All throughout 2021, KU developed resources and implemented a variety of programs that ultimately empower children to be seen and ensure their voices are heard, in any language.
For most children, language skills develop rapidly during the first five years and is one of the key developmental milestones of early childhood.
Provoking Minds, a popular podcast produced by KU’s Learning and Development team, revealed insights into this complex topic in an episode featuring KU Starting Points Macarthur Speech Pathologist, Vickie Ren.
The episode, which has been downloaded 600 times with listeners from 25 countries, explored how language develops in young children and provided practical tips on what early childhood educators should look out for.
KU’s Sector Capacity Building Program facilitated face to face professional learning for early childhood educators to help children to communicate where their language skills are not developing as expected.
Nurturing Language and Communication training was available to preschool teachers in the Illawarra, Sydney Inner West and East and Penrith regions.
To support educators’ professional learning, a board game was created called Share and Show including a set of cards to stimulate reflection along with an informative guidebook.
So successful was this innovative training program that it has further evolved into two more guidebooks
and reflective card sets to aid language development; Emotional Regulation and Sensory Processing.
KU recognises we can play a role in the stewardship of the many traditional languages across our nation. Our services provide opportunities for all children to engage with and listen to local peoples and language speakers, and with their permissions, learn traditional and local languages.
Two KU services in NSW are privileged to be part of the revival of the local traditional language. The implementation of the Dharawal Language Program evolved from engagement between KU and the Gujaga Foundation, a peak organisation leading language, cultural and research activities within the La Perouse Aboriginal community and expanding into southern Sydney and the entire Dharawal Country.
The program was piloted at KU Heathcote and KU Sutherland between lockdowns, with support through the Aboriginal and Torres Strait Islander Programs Team. With additional funding it could be extended and rolled out across other services on Dharawal Lands.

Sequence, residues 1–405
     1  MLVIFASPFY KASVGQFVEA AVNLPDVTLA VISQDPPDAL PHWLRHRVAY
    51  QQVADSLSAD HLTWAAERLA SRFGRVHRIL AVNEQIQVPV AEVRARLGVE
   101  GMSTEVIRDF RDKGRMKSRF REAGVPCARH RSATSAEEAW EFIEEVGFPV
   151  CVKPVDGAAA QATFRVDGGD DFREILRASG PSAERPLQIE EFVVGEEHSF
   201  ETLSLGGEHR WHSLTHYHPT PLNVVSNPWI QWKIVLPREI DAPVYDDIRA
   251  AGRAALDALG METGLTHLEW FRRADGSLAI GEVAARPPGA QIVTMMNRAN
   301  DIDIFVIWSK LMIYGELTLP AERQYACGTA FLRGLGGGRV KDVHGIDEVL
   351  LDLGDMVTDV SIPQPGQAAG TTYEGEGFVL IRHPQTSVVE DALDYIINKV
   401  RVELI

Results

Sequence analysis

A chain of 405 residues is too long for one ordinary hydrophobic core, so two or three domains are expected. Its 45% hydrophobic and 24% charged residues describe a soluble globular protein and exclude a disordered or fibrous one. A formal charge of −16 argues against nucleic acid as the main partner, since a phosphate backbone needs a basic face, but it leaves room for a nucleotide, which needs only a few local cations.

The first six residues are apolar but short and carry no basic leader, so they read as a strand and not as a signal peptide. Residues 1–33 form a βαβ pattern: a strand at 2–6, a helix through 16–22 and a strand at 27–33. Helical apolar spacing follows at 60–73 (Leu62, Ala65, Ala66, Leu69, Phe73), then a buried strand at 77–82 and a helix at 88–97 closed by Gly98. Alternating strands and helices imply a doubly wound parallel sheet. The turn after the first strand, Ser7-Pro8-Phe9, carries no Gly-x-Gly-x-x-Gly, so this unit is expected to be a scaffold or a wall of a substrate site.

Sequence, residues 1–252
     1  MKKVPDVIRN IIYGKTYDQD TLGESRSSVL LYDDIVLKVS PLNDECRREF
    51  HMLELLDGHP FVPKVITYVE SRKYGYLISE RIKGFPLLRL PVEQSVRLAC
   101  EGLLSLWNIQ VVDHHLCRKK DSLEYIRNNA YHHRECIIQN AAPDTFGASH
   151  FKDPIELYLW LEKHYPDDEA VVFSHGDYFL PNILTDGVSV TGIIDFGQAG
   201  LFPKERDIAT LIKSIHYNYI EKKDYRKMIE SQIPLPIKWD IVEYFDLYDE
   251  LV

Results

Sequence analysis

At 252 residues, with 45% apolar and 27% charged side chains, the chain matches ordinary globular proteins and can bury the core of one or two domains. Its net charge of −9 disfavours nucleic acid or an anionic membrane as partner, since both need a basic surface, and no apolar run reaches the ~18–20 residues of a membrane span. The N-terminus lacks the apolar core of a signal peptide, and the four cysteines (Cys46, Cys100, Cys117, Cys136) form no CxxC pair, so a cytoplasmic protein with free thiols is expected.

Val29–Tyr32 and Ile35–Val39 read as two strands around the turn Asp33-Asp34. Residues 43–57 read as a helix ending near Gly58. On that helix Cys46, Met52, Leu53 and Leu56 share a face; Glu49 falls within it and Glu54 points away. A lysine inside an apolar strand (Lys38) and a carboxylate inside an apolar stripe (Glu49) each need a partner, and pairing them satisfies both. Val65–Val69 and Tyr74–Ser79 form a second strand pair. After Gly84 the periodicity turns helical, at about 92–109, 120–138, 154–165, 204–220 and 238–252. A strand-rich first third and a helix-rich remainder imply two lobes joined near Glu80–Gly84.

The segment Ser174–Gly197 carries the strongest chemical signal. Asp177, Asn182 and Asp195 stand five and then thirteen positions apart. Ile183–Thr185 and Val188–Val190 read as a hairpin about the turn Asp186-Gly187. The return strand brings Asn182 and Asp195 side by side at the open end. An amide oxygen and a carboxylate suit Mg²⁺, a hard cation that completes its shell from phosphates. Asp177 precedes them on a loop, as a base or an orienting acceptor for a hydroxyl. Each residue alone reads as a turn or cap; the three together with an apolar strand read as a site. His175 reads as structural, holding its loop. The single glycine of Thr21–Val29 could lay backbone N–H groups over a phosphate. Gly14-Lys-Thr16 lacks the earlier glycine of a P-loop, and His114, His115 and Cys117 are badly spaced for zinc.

Colette Heslehurst, Director of KU Sutherland said she was thrilled that a language “on the brink of extinction” was being brought back by the KU community.
Inclusion Support Queensland continued their journey to build the capacity of early educators to explore and encourage the inclusion of local Aboriginal and Torres Strait Islander cultures and languages in their service models with the knowledge and support of local peoples. By facilitating a range of professional conversations and networking opportunities during the year, the team were able to foster genuine connections between educators and the local communities.
KU’s Sector Capacity Building Program (Disability) used special NSW Department of Education COVID-19 funding to develop a range of practical resources to support educators to include children with disabilities and additional needs on the same basis as their peers.
One resource created was Social Stories. Originally pioneered by Carol Grey, a consultant in the field of autism, these narrative stories are an example of an effective inclusive strategy that can benefit all children.
To date, Social Stories developed by the KU Sector Capacity Building Program have explained restrictions brought about by the pandemic such as wearing masks and staying at home. These have also been translated into a range of community languages by KU’s Adult Migrant English Program team to improve access to educators, children and families from linguistically diverse backgrounds.
In response to the ongoing COVID-19 pandemic, and as the Delta strain of COVID-19 swept through NSW, KU applied for and was successful in receiving a one-off grant from the NSW Department of Communities and Justice to support families within the twelve local government areas of concern.
As many of the families in these regions were from diverse cultural backgrounds, KU proposed and developed bilingual online play sessions operating for ten weeks in the nominated twelve local government areas. Information for families was presented in both English and different community languages and multilingual resources were provided to support parents’ understanding of the value of play and how to engage with children safely at home.